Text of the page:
RESERVATION, Ariz. - A newly revised Hopi cookbook - a partnership
project between the Community Health Program at the Hopi Tribe,
the Hopi Lavayahi program, Hopi Range Management program, Hopi Pu'tavi
Project, Inc, Native Peoples Technical Assistance Office at University
of Arizona (UA), North Central Regional Center for Rural Development
(NCR-CRD) at Iowa State University and UA's Cooperative Extension
Program at the Hopi Tribe - was unveiled to the public last week.
Hopi Recipes" helps the larger community understand more about
Hopi traditional foods, appreciating spirituality and special techniques,
best practices in both growing, gathering crops as well as enhancing
and sustaining transfer of traditional customs in Hopi food exchange
"Noosiwqa" (food) preparation, origins, nourishment, medicinal
uses, cultural exchange, gathering traditions, and how food is valued
in Hopi culture is the focus of this new cookbook.
first cycle of project funding (about $30,000) paid for interviews
combined with census data of 100 Hopis from the reservation area
to gather information on why and how often traditional Hopi dishes
were prepared in an average Hopi household.
information that proved extremely valuable in assessing how and
when traditional foods were utilized is that of the 1,515 families
living on the reservation who were surveyed, 574 were headed by
260 of those single women households were also listed as living
below poverty level, but still deeply valued traditional food as
important and necessary for appropriate cultural participation.
Hopis, food represents a wide variety of traditional custom observation
as well as basic life sustenance, such as transfer of culture.
ceremonial foods at births, initiations and weddings along with
the knowledge of how they are prepared are still seen as extremely
important and highly valued.
gathering and preparation also identifies various rites of passage
for Hopi womanhood.
value was also placed on the acknowledgement that the Creator provides
such nourishment and that respect must be given for that food. Food
is also seen as a medicine and should be shared.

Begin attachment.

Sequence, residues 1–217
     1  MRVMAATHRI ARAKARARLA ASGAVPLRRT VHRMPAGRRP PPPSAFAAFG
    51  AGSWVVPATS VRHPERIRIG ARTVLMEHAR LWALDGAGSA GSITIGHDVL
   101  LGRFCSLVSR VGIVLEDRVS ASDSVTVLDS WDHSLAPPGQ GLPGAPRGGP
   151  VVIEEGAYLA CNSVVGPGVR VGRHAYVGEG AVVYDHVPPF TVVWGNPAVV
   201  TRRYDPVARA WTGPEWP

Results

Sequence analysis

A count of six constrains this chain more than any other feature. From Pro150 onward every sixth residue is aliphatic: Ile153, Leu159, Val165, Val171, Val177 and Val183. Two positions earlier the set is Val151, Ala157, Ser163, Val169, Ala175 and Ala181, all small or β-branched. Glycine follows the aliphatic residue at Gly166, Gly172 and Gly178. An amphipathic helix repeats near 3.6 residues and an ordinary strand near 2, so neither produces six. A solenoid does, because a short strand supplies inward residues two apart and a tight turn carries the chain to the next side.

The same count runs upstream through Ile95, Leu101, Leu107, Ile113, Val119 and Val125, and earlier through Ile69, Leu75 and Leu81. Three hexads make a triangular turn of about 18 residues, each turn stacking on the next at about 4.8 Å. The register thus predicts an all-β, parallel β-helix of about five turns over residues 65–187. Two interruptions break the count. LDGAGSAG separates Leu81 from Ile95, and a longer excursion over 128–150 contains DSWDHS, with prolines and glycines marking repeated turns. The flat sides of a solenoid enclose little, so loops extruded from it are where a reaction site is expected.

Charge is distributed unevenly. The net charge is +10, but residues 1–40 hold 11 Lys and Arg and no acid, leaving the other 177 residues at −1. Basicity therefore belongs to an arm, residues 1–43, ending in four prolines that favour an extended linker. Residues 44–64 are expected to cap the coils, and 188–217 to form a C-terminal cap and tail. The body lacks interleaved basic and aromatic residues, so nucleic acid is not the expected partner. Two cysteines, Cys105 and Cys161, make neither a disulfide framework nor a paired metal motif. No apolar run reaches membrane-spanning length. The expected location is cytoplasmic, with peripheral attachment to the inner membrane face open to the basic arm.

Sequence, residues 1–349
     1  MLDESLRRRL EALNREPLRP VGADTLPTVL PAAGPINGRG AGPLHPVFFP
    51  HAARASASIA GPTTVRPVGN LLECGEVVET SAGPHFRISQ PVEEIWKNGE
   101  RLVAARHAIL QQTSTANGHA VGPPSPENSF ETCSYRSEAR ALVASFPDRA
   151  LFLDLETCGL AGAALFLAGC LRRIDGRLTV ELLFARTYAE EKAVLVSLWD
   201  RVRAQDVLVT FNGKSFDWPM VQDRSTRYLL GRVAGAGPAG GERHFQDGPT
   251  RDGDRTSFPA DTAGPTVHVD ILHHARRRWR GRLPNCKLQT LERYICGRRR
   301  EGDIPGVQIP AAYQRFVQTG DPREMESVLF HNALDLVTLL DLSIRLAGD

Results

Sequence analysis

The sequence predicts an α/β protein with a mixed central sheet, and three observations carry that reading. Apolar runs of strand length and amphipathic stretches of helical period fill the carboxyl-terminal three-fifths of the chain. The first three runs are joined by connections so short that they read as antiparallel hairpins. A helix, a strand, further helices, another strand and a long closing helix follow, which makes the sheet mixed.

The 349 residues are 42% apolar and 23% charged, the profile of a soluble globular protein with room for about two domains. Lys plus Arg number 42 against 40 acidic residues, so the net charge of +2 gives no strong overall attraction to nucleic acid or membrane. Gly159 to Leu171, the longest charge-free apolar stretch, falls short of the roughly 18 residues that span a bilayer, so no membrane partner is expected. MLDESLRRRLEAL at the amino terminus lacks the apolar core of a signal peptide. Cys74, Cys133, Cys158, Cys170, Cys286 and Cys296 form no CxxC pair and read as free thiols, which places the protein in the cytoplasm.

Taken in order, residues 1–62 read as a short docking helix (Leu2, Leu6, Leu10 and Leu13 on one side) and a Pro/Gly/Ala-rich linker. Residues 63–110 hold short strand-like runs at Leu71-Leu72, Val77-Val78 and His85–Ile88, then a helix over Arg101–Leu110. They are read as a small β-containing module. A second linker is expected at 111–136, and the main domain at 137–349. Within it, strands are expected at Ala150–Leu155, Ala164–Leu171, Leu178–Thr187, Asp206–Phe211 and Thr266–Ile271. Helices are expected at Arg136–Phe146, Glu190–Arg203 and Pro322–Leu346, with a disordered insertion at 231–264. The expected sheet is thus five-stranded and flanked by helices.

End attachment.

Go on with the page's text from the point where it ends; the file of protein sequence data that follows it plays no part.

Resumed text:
corn as the main basic food for Hopi, there are numerous ways it
can be prepared, not just for ceremonial purposes, but for everyday
pikami, paatsami (hominy), somiviki, tsukuviki, povolpiki, wutaqa
and kutuki...this is just a sampling of how varied the preparation
methods of corn can be.
that is ground both coarsely and finely is used for "hooma"
in ceremonies and as corn meal for special ceremonial food preparation.
Both blue and white varieties of corn can be used.
and respect must also be thought of when using these foodstuffs
that honors your clan spirit and the sun.
are mindful to eat whatever is prepared without criticism, and that
leftover food should not be thrown into the trash. If there are
leftovers, they are given to the animals. Nothing is wasted.
are continued Hopi reminders that food should never be prepared
when angry and that sharing food generously is seen as an important
that appreciation for the food and the food preparer should always
the first of a series of public presentations by this cookbook partnership
group, a workshop was held at the Hopi Wellness Center on Jan. 27
to over 100 attendees.
2 1/2 hour presentation discussed the history of the Hopi cookbook
project, health benefits of traditional foods by Kassondra Yaiva
and Valerie Nuvayestewa and a cooking demonstration and sampling
of one of the cookbook recipes by Iva Honyestewa and Harrissa Koiyaquaptewa.
was part of the Hopi Pu'tavi, Inc's group partnership. Pu'tavi was
responsible for applying for the grant funding that made this cookbook
revision possible. Grant funding itself came from the Native Peoples
Technical Assistance Office at UA under the direction of Claudia
Nelson and Dr. Jay Strauss of the Native American studies program.
only been within the last 30 years that Hopis and most Native communities
have been plagued by diabetes, high blood pressure and other heart
related diseases. Many now know that eating processed non-traditional
foods as well as lack of daily exercise is the culprit.
utilizing this new cookbook, everyone can get a heads up on learning
new cultural plant knowledge, eating better without extra salt or
sugar, and helping to sustain Hopi cultural tradition.
next community workshop will be held March 16 from 5:30 to 8 pm
at the Upper Village Elderly Center. Participants can receive a
free copy of the cookbook by participating in the evening session
more information call Bea Norton at Hopi Community Health Services
at (928) 737-6000